“They make soil, they pollinate the plants, they feed a lot of other animals,” said Lakeshore State Park Manager, Tom Kroeger.
If you look around, they’re hard to find.
“If you take them out, if they were to leave, the whole system would fall apart and we’re starting to see some of those problems,” said Kroeger.
According to the Department of Natural Resources, the insect population has declined 40 percent over the last 30 years. In some suburban areas here, 90 percent of bugs have died off.
“A reason I think a lot of that is happening is everyone is using lawn services, and a lot of times they put insecticides in those lawn services. They don’t want the beetles, they don’t want the ants, but you lose everything else with that,” said Kroeger.
Without the proper habitat, the basis of the food chain could essentially be wiped away.
“We found the statistics and they were startling,” said University of Wisconsin-Milwaukee Lecturer, Kathryn Martin-Meurer.
Which led UWM Lecturer, Kathryn Martin-Meurer, to come up with an art project. Last year, she decided to put her 3-D art concepts call to the task of building insect models.
Parents are hand-selecting traits they want their future children to have. It is all part of the process when using a donor.
Courtney Belz’s twins have blonde hair, blue eyes and the twins are everything that one couple could have asked for.
“I really looked for physical characteristics similar to me because we weren’t always sure how open we would be. But I wanted my children to still look similar to me,” said Belz.
And they do. Many would never know Belz and her husband Jason used an egg donor to conceive their boy-girl twins Brooks and Hensley. The couple made the decision after learning Courtney would not be able to achieve pregnancy using her own eggs — and in-vitro fertilization failed.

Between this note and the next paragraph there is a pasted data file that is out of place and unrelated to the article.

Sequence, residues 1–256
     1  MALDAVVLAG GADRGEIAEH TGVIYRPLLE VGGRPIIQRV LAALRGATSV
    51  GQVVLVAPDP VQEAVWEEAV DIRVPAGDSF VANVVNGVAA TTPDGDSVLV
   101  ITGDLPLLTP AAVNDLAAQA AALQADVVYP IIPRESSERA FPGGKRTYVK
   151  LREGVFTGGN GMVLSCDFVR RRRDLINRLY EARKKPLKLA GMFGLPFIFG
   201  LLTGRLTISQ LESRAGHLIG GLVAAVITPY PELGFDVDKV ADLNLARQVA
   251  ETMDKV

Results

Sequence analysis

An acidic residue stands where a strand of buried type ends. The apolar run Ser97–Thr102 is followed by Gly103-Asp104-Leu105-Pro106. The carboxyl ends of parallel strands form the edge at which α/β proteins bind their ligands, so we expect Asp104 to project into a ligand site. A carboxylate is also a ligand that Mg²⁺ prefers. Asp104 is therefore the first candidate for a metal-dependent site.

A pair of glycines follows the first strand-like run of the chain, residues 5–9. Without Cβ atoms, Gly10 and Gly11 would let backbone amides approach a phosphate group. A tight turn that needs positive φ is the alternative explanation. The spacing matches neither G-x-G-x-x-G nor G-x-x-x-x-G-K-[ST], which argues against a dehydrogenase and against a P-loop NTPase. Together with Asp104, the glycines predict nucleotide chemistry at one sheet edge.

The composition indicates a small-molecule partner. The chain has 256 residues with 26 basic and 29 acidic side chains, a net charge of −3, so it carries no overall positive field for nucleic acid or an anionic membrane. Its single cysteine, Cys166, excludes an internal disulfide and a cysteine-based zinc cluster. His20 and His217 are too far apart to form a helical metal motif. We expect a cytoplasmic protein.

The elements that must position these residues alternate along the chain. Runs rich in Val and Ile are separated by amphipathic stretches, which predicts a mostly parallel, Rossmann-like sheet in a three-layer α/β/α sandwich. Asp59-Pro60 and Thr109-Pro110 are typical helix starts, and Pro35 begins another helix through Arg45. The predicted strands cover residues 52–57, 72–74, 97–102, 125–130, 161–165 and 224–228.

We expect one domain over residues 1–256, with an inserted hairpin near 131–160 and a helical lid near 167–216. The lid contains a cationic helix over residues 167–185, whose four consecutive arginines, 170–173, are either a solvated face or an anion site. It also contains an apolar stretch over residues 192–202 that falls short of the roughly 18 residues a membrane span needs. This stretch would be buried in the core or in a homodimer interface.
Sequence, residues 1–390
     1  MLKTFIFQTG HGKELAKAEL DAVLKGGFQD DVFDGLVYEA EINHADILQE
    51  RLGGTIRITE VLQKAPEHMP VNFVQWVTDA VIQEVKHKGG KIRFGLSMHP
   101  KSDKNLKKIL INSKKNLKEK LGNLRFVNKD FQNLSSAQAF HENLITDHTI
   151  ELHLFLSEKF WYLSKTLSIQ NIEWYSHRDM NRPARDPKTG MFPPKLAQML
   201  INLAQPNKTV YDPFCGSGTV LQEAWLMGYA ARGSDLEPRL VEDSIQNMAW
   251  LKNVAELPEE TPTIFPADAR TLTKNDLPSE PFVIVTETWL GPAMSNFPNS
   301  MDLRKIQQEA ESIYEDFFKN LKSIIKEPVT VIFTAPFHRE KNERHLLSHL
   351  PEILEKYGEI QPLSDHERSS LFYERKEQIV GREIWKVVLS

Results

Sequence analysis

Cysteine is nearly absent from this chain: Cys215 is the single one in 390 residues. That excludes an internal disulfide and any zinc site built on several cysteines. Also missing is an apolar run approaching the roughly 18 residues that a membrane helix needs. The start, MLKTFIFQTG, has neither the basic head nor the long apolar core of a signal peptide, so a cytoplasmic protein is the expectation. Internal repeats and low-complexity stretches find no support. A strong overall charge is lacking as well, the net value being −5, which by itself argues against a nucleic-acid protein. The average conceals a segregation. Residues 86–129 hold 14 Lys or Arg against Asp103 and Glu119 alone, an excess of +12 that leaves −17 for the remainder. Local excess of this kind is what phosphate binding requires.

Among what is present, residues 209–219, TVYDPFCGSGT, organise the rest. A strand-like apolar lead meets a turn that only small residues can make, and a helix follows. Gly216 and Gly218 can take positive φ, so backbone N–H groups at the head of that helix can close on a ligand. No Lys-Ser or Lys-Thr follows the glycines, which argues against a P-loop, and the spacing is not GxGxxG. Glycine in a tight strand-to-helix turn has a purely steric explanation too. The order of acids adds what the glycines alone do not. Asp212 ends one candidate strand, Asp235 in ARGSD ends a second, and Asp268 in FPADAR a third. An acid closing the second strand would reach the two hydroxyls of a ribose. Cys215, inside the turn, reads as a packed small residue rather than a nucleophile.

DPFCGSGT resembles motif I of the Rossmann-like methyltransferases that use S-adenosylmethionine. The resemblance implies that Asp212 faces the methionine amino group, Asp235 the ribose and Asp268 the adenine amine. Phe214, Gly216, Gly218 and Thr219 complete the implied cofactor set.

“She said ‘it’s probably your eggs.’ And when I went home, I really heard those words and it was really devastating,” Belz said.
When it comes to choosing an egg donor, couples can get down to the nitty-gritty.
“Are they calm? Are they rambunctious? Are they kind of an introvert or an extrovert?” said Nichole Hayes, who is with the non-profit, Kansas City Infertility Awareness.
So where do parents go to search for a “perfect fit” donor? Online.
Here’s how it works. On a donor bank website, if your preference is Asian and also a Christian, there is a list of options. The results even show if the donor is an experienced donor or not — meaning their eggs have been successful at producing a baby. Dr. Ryan Riggs with Blue Sky Fertility says families have a lot to consider.
“People look for donors who have similar physical characteristics to them. They look at the health history and family history of the donor — and they also look at the successor track record of the donor,” Dr. Riggs said.
Belz, a mother of 22-month-old twins, knew she wanted her kids to look like her — and it was more than her donor’s blonde hair and blue eyes that had her interested.
“The character questions is kind of what it came down to for me. I just liked the responses of one a little bit more than the other one,” Belz said.
Belz and her husband narrowed their donors down to three different women — all with the physical features they wanted. They felt a special connection with one of them.
“She was asked why she was an egg donor — and she herself had two children, and she said, in so many words, that she wanted for someone who is struggling to have children to be able to have the same happiness that she had being a mother,” Belz said.